Stephen Koch, a historian and literary critic, examines the role of the Comintern as an intelligence institution in Double Lives: Spies and Writers in the Secret Soviet War of Ideas against the West. Koch also analyzes the particular role played by Willi Münzenberg, a close associate of Lenin and one of Stalin’s agents of influence. According to Koch, Münzenberg was more than a mere propagandist; he ran disinformation operations for the Kremlin, manipulating and using Western writers and scholars for the Kremlin’s benefit by distorting the truth. Sean McMeekin, one of a new breed of Russian scholars, also tackles Münzenberg in The Red Millionaire, demonstrating, like Koch, how Münzenberg helped poison the political atmosphere in 1930s Germany and elsewhere. Some of his recruits are still household names, including Ernest Hemingway, Lillian Hellman, Andre Malraux, Dorothy Parker, and Bertolt Brecht. But the Comintern also recruited for the Soviet intelligence services, relying on national communist parties for those probationers.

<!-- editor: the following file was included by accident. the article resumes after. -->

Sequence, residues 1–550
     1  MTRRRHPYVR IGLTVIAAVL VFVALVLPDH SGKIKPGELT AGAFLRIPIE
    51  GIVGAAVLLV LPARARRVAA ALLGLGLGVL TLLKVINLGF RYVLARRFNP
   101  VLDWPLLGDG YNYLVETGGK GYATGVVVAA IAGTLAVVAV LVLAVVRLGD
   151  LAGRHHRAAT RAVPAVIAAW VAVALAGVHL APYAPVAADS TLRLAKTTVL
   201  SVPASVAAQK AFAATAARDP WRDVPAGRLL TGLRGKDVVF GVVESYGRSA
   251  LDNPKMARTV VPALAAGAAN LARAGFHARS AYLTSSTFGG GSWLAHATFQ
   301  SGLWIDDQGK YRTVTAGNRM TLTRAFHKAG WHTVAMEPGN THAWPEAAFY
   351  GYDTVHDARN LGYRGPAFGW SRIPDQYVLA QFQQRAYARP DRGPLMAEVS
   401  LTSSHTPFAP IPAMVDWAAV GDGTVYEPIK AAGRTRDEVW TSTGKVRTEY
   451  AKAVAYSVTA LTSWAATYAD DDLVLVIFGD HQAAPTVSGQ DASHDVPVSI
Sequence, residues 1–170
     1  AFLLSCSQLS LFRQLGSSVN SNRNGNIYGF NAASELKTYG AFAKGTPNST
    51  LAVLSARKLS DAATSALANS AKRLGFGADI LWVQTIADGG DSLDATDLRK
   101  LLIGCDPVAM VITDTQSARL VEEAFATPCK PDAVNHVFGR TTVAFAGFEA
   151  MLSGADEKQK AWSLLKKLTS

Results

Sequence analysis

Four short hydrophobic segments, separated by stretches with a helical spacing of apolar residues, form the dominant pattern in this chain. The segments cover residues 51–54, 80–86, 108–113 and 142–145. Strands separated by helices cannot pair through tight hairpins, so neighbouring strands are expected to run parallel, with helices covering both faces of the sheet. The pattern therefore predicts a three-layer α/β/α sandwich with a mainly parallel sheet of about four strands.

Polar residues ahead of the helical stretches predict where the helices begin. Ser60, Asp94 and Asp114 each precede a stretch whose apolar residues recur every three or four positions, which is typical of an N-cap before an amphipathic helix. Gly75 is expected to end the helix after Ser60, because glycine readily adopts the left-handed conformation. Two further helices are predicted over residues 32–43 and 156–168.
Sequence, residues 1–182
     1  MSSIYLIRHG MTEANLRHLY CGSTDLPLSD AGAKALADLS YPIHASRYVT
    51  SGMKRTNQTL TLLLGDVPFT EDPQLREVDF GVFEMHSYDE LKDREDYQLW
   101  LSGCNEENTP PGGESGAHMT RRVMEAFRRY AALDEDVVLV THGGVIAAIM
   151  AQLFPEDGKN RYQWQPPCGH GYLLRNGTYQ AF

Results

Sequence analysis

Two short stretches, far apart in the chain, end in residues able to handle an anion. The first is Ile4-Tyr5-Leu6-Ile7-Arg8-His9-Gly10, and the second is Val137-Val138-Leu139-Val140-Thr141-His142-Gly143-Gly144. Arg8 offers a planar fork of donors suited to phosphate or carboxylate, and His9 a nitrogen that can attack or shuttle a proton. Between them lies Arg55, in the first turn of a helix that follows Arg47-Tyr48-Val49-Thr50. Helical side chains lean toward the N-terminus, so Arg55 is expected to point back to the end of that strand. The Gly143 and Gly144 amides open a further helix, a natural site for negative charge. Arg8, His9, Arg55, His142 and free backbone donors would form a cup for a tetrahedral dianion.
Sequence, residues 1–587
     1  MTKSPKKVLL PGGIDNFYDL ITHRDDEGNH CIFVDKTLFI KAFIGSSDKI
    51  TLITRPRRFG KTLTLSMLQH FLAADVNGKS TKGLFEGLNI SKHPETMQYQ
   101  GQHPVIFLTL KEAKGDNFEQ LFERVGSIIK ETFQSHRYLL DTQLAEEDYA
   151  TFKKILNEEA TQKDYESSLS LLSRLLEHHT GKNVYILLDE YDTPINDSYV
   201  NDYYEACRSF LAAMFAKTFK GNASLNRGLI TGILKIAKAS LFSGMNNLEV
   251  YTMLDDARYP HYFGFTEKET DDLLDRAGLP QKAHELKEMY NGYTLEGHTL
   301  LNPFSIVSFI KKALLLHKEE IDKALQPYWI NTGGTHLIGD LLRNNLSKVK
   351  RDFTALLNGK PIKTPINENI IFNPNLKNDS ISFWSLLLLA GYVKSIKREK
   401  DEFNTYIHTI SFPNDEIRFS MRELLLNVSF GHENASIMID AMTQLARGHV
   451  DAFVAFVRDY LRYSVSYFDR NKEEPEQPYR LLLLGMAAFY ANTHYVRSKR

In The Lost Spy: An American in Stalin’s Secret Service, Andrew Meier, a former foreign news correspondent based in Moscow, details the strange case of American Isaiah “Cy” Oggins, the son of Russian immigrants living in Connecticut and a Soviet intelligence operative murdered on Stalin’s orders. After joining the American Communist Party (CPUSA) in the 1920s, Oggins, and later his wife, embarked on a career in espionage, counterfeiting foreign currency in Berlin, spying on Russian émigrés in Paris, and later even reporting on Japanese activities in Manchuria. While in China, he himself was under suspicion by Moscow. Like so many others before and after him, Oggins met his fate in the Lubyanka prison in 1939 before disappearing into the Soviet Gulag.